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Why no titanium forks?

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Why no titanium forks?

Old 01-08-06, 03:57 AM
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cs1
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Why no titanium forks?

Maybe a crazy question but why don't you ever see titanium forks? Titanium is supposted to be lighter and more forgiving than steel. There are hundreds, maybe thousands, of steel bikes with steel forks.

Tim
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Old 01-08-06, 04:25 AM
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Actually, planet-x/on-one make a Ti fork for mountain bikes.

I think the accepted wisdom is that Ti is too flexy as a fork material.
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Old 01-08-06, 04:31 AM
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Check out Morati and Sibex for starters. TiCycles also offers a titanium fork. Note that the prices on these forks can run pretty high... more than twice the cost of a CF fork.

MRC used to make a nice carbon fibre reinforced titanium MTB fork. That was a sweet fork.



AXCD used to make a Ti MTB fork too as did IRD.
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Old 01-08-06, 07:08 AM
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Originally Posted by mingsta
Actually, planet-x/on-one make a Ti fork for mountain bikes.

I think the accepted wisdom is that Ti is too flexy as a fork material.
Isn't the accepted wisdom that steel is flexier still than titanium?

I can't help wondering why titanium forks aren't popular on road bikes as well.
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Old 01-08-06, 07:23 AM
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I betcha the cost-weight ratio of a Ti fork is what makes it unattractive for use as a fork. Ti is heavier than aluminum, and you only get away with making it lighter by using less of it. I think you can make a CF fork lighter and cheaper than a Ti fork, and since people are weight weenies, the CF fork is what the market gravitates toward.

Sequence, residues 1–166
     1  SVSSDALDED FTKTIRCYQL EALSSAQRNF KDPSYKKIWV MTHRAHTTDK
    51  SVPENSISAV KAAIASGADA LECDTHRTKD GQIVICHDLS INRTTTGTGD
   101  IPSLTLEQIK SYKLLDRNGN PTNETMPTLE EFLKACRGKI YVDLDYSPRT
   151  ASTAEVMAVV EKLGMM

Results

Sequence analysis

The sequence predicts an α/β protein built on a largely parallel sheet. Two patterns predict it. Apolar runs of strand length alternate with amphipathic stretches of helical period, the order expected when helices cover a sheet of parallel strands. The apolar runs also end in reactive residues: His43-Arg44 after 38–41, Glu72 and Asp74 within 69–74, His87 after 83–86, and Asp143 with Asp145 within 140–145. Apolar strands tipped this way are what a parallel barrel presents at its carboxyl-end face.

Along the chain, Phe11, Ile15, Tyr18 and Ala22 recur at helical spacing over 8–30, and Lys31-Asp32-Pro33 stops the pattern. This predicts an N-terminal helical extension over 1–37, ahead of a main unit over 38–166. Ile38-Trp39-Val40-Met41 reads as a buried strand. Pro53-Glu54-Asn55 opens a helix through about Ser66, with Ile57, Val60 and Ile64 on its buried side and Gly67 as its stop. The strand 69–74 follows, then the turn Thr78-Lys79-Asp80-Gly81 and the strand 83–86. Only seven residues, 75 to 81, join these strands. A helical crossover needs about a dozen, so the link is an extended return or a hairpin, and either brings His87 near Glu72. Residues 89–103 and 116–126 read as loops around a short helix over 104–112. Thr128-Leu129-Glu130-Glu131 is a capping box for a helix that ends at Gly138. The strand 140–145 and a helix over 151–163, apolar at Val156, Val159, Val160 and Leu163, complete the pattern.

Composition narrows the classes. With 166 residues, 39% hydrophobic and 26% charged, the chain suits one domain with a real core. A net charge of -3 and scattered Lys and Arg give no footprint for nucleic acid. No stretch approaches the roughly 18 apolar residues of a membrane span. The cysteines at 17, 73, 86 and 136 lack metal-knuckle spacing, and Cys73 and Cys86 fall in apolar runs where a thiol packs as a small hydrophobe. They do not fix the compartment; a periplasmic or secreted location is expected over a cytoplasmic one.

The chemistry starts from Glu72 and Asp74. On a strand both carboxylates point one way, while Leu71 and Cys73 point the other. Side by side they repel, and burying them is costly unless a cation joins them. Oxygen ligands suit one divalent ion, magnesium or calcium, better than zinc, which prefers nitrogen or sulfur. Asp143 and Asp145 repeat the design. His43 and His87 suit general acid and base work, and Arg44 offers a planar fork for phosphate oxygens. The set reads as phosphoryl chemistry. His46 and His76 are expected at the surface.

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Old 01-08-06, 07:25 AM
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Mostly economics...not only raw material but manufacturing costs. CF hits the sweet spot for weight, flex, strength and cost. Ti is available as noted by the examples above but typically at higher cost. As to stiffness...have to be careful about considering any material properties in isolation. It comes down to stiffness relative to section or mass. Steel has twice the modulus of elasticity that Ti has or is twice as stiff. But thinning steel out to make it comparable to the weight of Ti or at least close to it...stiffness relative to section really goes up for Ti. Same for Al which is regarded as typically stiffer then Steel but from a material standpoint the opposite is true. Al has 1/3 the modulus of elasticity that steel does. In summary it comes down to a balance between modulus of elasticity versus yield strength....objective being to develop as light a product as possible that will not permanently deform (yield strength). Overall stiffness or elasticity is as much a function of resultant wall section as it is modulus of elasticity.
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Old 01-09-06, 12:08 AM
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Yup, multiple factors at stake. Ti weighs about 1/2 of steel, yet is 1/2 as stiff. Alloy is 1/3rd of steel and 1/3rd as stiff. So typically when you end up designing parts from steel, titanium and aluminium to be of similar stiffness, you end up with similar weights. This is a stiffness-to-weight measurement and they're all about the same.

Strength is a completely different matter and you can use stiffness-to-strength as a measurement metric. Depending upon the alloy, ti may or may not be as stiff as steel for the same strength, same with aluminium.